Genes, Climate, and Even More Maps of the American Nations
9/4/15. See below!
Throughout this blog, I’ve talked a lot about the American Nations – a concept, based on a book by Colin Woodard, that North America is divided into several ethno-cultural-political regional “nations”.
These nations are distributed approximately as shown above. The empirical bases of the existence of these ethno-cultural entities has been covered extensively here; the key posts are indexed on my page American Nations Series. As discussed in those posts, we see these ethno-cultural divisions appear in many different aspects of life: from politics, to language, to crime, [Edit: to guns, see also Guns, violence, and the Dylann Roof rampage and Guns & Violence, Again…,**] to education, to social attitudes (such as on the death penalty, on healthcare, on corporal punishment, on abortion, on the rights of women and gays, and on interracial marriage) Edit: [see also The Rise of Universalism**]. We even see these divisions in allegiance to sports teams, as we see in this map favorite major league teams across the U.S., here baseball:
This pattern is also visible when you look at the second most popular baseball team in each county:
In the case of language, the various American nations also become evident through use of online profanity (as gauged by Twitter):
Woodard gives an excellent review of the various nations and their histories. He details the course these various nations took towards become what they are today. However, Woodard falls short on the underlying mechanics behind this pattern. Readers here know this to be genetic differences between people living in each region, as detailed in my posts Demography is Destiny, American Nations Edition and More Maps of the American Nations. Behavioral genetic studies clearly establish that regional differences at a given instance stem from heritable differences between the people who inhabit them Edit: [see the aforementioned preceding posts, and see my posts All Human Behavioral Traits are Heritable, Environmental Hereditarianism, and The Son Becomes The Father; recapped in my 200th post, section Heredity and behavioral genetics **]. As such, the question then becomes how did these different strains of people end up where they are? This makes investigation fairly straightforward.
The importance of fine genetic differences between people goes right back to the beginning of the American Nations. Woodard borrows from David Hackett Fischer’s book Albion’s Seed: Four British Folkways in America, which details differences in the founding British settlers and the legacy that leaves today across the various American regions. And, interestingly enough, modern genetic analysis (Leslie et al, 2015) finds that Fischer’s “Four British Folkways” are evident in the genetic data across Britain:
Genetic differences between groups of people, once established, persist as long as the different groups do until diluted or erased by admixture (this is known as the Founder effect). As well, new differences can emerge within a single population as selective migration leads this initial population to fission into two or more daughter populations (see here and here – more on that to follow).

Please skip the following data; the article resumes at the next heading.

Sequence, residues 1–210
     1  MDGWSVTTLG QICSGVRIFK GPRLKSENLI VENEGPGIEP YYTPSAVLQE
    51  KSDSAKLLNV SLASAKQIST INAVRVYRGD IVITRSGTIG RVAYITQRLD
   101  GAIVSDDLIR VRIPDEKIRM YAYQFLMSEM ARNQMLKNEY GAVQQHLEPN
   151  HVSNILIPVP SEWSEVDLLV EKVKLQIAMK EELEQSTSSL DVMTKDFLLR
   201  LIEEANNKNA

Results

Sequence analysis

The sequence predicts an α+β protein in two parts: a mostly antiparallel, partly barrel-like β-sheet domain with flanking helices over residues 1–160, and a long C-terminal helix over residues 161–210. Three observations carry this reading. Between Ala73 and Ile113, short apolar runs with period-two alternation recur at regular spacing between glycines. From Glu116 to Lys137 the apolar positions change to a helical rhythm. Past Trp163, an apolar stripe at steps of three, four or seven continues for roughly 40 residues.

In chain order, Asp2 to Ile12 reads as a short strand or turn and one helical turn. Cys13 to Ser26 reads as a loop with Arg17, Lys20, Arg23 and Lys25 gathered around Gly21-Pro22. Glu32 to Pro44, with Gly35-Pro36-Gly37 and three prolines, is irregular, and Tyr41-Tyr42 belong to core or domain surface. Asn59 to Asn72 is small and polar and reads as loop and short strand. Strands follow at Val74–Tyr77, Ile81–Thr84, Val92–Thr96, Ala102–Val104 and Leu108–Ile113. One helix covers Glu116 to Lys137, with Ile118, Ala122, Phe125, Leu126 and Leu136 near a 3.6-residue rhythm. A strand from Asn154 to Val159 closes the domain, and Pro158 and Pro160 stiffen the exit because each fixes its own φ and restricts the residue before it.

In short, tiny genetic differences between two groups of people can lead to large differences in behavioral traits. This extents to all facets of human behavior – a point driven home by a recent paper correlating linguistic diversity across Europe with genetic diversity there (Longobardi et al, 2015).
But why do the American nations follow the pattern that they do? It turns out that this pattern was hardly a coincidence.
The founding colonial groups landed at various spots across the North American east coast:
From there, the nations spread westward across the continent. However, they did so in a certain way, as the next map will show:
This is a map of the major climatic zones of North America (from Peel, Finlayson, and McMahon, 2007), with the American nations borders overlain. As we see, there is a tight correspondence between the American nations today and the major climatic zones of the country (something we’ve seen previously in my post Snow Nations):
The pattern is also visible (as to be expected) in average annual snowfall (base map from The Climate Source):
Edit, 9/11/15: [Here also is a map of tree density across North America (from Crowther, 2015):
As would be expected from climate, the American Nations follow differences in vegetation across the continent. The grassy plains of the agricultural Midlands are evident, as are the dry territories of El Norte and the Far West. The line where the Prairie provinces give way to the taiga of First Nation is clear. The verdant temperate rain forest of the Left Coast is also stands out. ***End Edit***]
Geography dictated the settlement of the country:
An example of this process can be seen in the settlement of the “upper Midwest” (Hudson, 1986):
Settlers moved to places where they could easily transplant their way of life. Areas of similar climate obviously aided in that aim. In the upper Midwest, Yankee and Midland settlers were joined by German and Scandinavian immigrants (as detailed in the preceding posts), who were also coming to areas climatically similar to their old homes.
A similar process occurred across the Deep South. Plantation settlements appeared wherever good soil and conditions for cotton farming were to be found. The concentration of Blacks across the core of the Deep South…
…followed the Cretaceous coastline of North America, 100 million years ago (see Craig McClain):
Agriculture also drove settlement of the middle of country. This area is marked by expansion of the Midlands. The Midlands has been and remains today a region defined by agriculture (map from here):